Lawmakers put extra focus on early childhood education

Local News

FILE – In this Aug. 26, 2020, file photo, a Los Angeles Unified School District student attends an online class at the Boys & Girls Club of Hollywood in Los Angeles. A new federal survey finds that nearly half of the nation’s elementary schools were open for full-time, in-person instruction last month, but the share of students learning in-person has varied greatly by region and race. (AP Photo/Jae C. Hong, File)

BATON ROUGE, La (BRPROUD)- Throughout the legislative session, the lawmakers have touched on how early childhood development is crucial. House Bill 304 by Representative Rodney Lyons looks to get learning materials to families before the kindergarten age to help prepare kids for their future education.

Under the bill, kids younger than five will have access to workbooks that teach them basic developmental topics.

“Those who are at home with their grandmother, aunt, or what have you and those opportunities aren’t there for them,” Rep. Lyons said. “This is to give them the opportunity to get a leg up so they can be better prepared when they have an opportunity to get in a classroom.”

It isn’t mandatory, but the school systems want kids entering first grade, and possibly kindergarten, to have better learning skills. It also will not be online so the more rural areas of the state that don’t have strong broadband can still participate.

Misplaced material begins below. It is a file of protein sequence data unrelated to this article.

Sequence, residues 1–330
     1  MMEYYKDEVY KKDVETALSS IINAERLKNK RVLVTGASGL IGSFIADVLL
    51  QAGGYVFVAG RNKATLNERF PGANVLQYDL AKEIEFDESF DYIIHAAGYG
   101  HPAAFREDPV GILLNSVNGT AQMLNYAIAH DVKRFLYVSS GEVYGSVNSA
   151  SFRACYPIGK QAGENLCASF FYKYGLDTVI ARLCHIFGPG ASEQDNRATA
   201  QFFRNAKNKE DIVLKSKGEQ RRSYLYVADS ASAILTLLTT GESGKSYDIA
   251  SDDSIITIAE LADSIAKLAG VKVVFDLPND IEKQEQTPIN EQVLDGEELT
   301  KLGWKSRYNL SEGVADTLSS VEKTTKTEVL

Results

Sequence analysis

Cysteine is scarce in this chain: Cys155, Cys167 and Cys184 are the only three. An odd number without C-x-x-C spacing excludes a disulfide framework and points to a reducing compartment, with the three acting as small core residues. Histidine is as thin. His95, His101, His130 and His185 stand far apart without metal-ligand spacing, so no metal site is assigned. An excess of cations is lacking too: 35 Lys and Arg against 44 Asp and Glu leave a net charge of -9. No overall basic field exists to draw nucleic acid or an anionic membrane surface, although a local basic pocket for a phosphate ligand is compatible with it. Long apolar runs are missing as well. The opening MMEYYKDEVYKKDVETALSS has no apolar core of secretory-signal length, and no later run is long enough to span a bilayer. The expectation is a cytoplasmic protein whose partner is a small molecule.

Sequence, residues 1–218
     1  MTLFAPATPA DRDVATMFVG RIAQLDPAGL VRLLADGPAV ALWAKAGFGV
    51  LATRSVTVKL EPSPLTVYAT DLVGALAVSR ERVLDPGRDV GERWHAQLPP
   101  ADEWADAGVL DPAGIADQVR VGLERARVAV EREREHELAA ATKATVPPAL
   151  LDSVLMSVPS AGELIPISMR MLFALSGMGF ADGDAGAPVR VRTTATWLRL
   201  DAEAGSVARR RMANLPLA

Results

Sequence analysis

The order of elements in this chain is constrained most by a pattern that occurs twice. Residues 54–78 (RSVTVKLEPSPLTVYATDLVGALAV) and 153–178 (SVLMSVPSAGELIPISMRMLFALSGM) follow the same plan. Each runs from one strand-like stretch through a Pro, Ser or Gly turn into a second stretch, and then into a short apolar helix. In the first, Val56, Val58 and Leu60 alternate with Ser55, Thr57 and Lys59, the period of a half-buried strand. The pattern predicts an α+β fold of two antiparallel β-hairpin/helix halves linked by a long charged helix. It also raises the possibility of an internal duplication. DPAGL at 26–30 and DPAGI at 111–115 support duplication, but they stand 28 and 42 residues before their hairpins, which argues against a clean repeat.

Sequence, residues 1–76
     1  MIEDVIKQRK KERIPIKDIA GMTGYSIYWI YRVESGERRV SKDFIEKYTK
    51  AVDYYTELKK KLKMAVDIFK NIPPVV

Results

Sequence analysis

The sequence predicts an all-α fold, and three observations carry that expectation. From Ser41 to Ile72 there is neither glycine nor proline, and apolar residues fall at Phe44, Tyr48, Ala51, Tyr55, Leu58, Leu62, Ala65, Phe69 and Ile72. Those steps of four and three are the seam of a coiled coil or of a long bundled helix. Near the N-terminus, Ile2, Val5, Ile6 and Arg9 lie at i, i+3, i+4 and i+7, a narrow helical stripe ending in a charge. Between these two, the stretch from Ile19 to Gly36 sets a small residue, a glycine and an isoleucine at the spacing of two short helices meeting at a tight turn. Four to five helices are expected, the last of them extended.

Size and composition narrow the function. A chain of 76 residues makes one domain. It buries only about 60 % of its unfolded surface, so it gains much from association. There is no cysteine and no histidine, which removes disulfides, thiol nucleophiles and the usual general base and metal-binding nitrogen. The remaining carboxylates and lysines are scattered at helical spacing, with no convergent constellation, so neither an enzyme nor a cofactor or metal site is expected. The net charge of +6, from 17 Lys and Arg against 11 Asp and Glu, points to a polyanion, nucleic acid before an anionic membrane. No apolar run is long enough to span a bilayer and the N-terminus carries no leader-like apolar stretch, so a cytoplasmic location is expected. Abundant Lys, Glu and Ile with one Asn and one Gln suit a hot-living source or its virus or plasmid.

“A mom can come home after a day’s work, sit down with her kids and talk about colors, shapes, and sizes and even some language,” Rep. Lyons said. “They can talk about it like reading a story to help kids develop while they’re not there.”

A big struggle the lawmakers are trying to manage this year is the students who are falling behind. Senator Cleo Fields has proposed his mandatory kindergarten bill which has made it far in the legislative process and now this bill can reach even younger kids.

“Right now, we don’t have that. we are hustling and trying to find ways to find slots, but they aren’t available and in the meantime those kids are being further left behind,” Rep. Lyons said.

There won’t be a need for increased funding because Rep. Lyons said schools already have the resources to provide the workbooks. The bill also would require a report to the legislature about how many kids are participating in the program and their demographics.

The bill has gotten a lot of support on the House floor and now in the Senate committee. It heads on to the senate floor where it nears completion.

Copyright 2021 Nexstar Media Inc. All rights reserved. This material may not be published, broadcast, rewritten, or redistributed.

Latest BRProud Articles

More Local News

Stay up to date with the latest news by downloading the BRProud App from the App Store or Google Play.

Trending Stories